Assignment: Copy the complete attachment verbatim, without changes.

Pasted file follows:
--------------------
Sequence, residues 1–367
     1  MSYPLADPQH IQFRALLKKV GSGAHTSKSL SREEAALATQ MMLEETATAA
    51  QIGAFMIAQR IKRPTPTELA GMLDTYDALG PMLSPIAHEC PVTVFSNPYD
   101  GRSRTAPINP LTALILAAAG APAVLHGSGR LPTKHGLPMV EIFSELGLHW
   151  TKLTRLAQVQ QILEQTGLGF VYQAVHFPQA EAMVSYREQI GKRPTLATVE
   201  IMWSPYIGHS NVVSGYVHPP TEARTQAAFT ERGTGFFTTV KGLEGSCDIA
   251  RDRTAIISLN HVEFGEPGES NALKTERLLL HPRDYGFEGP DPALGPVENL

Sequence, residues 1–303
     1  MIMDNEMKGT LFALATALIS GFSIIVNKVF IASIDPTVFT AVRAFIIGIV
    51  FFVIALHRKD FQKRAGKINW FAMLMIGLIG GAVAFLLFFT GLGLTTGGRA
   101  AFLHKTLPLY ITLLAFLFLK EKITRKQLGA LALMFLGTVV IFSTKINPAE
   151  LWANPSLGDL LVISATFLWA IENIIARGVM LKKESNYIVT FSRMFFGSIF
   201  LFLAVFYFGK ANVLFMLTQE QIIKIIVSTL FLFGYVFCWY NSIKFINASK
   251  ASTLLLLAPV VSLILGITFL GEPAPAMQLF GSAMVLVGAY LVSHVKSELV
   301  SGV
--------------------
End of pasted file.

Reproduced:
Sequence, residues 1–367
     1  MSYPLADPQH IQFRALLKKV GSGAHTSKSL SREEAALATQ MMLEETATAA
    51  QIGAFMIAQR IKRPTPTELA GMLDTYDALG PMLSPIAHEC PVTVFSNPYD
   101  GRSRTAPINP LTALILAAAG APAVLHGSGR LPTKHGLPMV EIFSELGLHW
   151  TKLTRLAQVQ QILEQTGLGF VYQAVHFPQA EAMVSYREQI GKRPTLATVE
   201  IMWSPYIGHS NVVSGYVHPP TEARTQAAFT ERGTGFFTTV KGLEGSCDIA
   251  RDRTAIISLN HVEFGEPGES NALKTERLLL HPRDYGFEGP DPALGPVENL

Sequence, residues 1–303
     1  MIMDNEMKGT LFALATALIS GFSIIVNKVF IASIDPTVFT AVRAFIIGIV
    51  FFVIALHRKD FQKRAGKINW FAMLMIGLIG GAVAFLLFFT GLGLTTGGRA
   101  AFLHKTLPLY ITLLAFLFLK EKITRKQLGA LALMFLGTVV IFSTKINPAE
   151  LWANPSLGDL LVISATFLWA IENIIARGVM LKKESNYIVT FSRMFFGSIF
   201  LFLAVFYFGK ANVLFMLTQE QIIKIIVSTL FLFGYVFCWY NSIKFINASK
   251  ASTLLLLAPV VSLILGITFL GEPAPAMQLF GSAMVLVGAY LVSHVKSELV
   301  SGV